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Open AccessArticle

Present and Future of Dengue Fever in Nepal: Mapping Climatic Suitability by Ecological Niche Model

State Key Laboratory of Remote Sensing Science, Institute of Remote Sensing and Digital Earth, Chinese Academy of Sciences, Beijing 100094, China
University of Chinese Academy of Sciences, Beijing 100049, China
Kunming Institute of Zoology, Chinese Academy of Sciences, Kunming 650223, China
Central Department of Zoology, Institute of Science and Technology, Tribhuvan University, Kathmandu 44613, Nepal
Kanti Children’s Hospital Maharajgunj, Kathmandu 44616, Nepal
Author to whom correspondence should be addressed.
Int. J. Environ. Res. Public Health 2018, 15(2), 187;
Received: 15 November 2017 / Revised: 12 January 2018 / Accepted: 17 January 2018 / Published: 23 January 2018
(This article belongs to the Special Issue Health Impacts of Warming of 1.5 °C and 2 °C)
Both the number of cases of dengue fever and the areas of outbreaks within Nepal have increased significantly in recent years. Further expansion and range shift is expected in the future due to global climate change and other associated factors. However, due to limited spatially-explicit research in Nepal, there is poor understanding about the present spatial distribution patterns of dengue risk areas and the potential range shift due to future climate change. In this context, it is crucial to assess and map dengue fever risk areas in Nepal. Here, we used reported dengue cases and a set of bioclimatic variables on the MaxEnt ecological niche modeling approach to model the climatic niche and map present and future (2050s and 2070s) climatically suitable areas under different representative concentration pathways (RCP2.6, RCP6.0 and RCP8.5). Simulation-based estimates suggest that climatically suitable areas for dengue fever are presently distributed throughout the lowland Tarai from east to west and in river valleys at lower elevations. Under the different climate change scenarios, these areas will be slightly shifted towards higher elevation with varied magnitude and spatial patterns. Population exposed to climatically suitable areas of dengue fever in Nepal is anticipated to further increase in both 2050s and 2070s on all the assumed emission scenarios. These findings could be instrumental to plan and execute the strategic interventions for controlling dengue fever in Nepal. View Full-Text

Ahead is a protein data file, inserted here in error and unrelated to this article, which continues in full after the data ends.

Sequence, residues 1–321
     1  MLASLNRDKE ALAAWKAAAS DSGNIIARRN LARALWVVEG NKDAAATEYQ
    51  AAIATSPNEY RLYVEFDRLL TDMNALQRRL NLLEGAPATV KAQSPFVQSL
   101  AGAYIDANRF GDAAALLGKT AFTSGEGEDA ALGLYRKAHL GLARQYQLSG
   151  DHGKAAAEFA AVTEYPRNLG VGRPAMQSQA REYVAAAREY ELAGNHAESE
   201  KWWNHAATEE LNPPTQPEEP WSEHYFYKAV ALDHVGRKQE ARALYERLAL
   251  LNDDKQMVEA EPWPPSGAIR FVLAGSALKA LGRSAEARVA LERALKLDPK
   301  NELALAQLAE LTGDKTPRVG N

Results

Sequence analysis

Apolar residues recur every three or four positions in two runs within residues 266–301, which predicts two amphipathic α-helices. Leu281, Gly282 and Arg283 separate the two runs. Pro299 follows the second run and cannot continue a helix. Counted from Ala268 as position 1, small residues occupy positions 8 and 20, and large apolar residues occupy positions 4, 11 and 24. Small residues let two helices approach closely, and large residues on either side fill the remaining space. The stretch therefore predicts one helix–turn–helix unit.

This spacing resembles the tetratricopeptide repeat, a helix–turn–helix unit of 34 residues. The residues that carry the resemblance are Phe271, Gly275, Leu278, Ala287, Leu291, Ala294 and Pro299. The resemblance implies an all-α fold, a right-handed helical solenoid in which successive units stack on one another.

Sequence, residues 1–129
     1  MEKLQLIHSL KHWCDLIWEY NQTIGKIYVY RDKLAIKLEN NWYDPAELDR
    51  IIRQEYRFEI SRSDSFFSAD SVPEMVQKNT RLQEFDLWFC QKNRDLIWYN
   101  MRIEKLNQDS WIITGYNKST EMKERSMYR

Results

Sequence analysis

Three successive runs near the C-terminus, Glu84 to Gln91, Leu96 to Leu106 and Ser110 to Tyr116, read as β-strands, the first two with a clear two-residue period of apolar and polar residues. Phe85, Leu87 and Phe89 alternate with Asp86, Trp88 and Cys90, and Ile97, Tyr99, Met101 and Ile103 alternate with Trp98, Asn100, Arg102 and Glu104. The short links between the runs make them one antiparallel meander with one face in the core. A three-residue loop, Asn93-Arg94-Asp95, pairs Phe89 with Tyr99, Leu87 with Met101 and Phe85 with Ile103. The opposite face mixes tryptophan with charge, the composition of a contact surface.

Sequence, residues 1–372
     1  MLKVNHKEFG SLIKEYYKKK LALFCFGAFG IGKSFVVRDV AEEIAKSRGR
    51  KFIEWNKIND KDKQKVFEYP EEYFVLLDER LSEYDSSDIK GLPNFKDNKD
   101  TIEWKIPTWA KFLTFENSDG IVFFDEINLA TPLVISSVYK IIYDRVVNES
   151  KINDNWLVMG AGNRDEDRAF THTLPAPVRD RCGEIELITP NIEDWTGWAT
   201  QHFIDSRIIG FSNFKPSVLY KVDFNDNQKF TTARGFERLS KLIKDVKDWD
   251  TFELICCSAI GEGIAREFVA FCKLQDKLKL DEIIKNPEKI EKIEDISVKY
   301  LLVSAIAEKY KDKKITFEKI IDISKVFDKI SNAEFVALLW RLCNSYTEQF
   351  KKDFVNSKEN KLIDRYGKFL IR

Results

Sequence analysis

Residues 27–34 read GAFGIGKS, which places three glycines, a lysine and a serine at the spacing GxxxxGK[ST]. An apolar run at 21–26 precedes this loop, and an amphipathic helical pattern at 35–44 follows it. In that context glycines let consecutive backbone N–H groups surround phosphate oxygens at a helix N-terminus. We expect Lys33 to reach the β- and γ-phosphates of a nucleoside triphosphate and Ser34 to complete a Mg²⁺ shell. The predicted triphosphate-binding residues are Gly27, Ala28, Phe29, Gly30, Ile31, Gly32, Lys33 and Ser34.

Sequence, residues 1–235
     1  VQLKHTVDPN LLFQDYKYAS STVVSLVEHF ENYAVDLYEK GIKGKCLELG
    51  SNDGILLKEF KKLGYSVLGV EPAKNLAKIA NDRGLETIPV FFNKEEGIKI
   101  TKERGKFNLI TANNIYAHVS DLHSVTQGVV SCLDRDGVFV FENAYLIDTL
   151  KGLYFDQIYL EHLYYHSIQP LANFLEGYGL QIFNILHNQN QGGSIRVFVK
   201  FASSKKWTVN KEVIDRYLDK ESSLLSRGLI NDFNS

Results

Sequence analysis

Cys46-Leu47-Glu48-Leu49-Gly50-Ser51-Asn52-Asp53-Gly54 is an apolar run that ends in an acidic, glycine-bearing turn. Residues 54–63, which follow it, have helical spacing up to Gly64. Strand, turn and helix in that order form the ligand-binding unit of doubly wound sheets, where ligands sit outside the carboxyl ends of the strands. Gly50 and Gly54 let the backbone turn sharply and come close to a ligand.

Keywords: dengue mapping; climate change; Nepal; MaxEnt dengue mapping; climate change; Nepal; MaxEnt
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Acharya, B.K.; Cao, C.; Xu, M.; Khanal, L.; Naeem, S.; Pandit, S. Present and Future of Dengue Fever in Nepal: Mapping Climatic Suitability by Ecological Niche Model. Int. J. Environ. Res. Public Health 2018, 15, 187.

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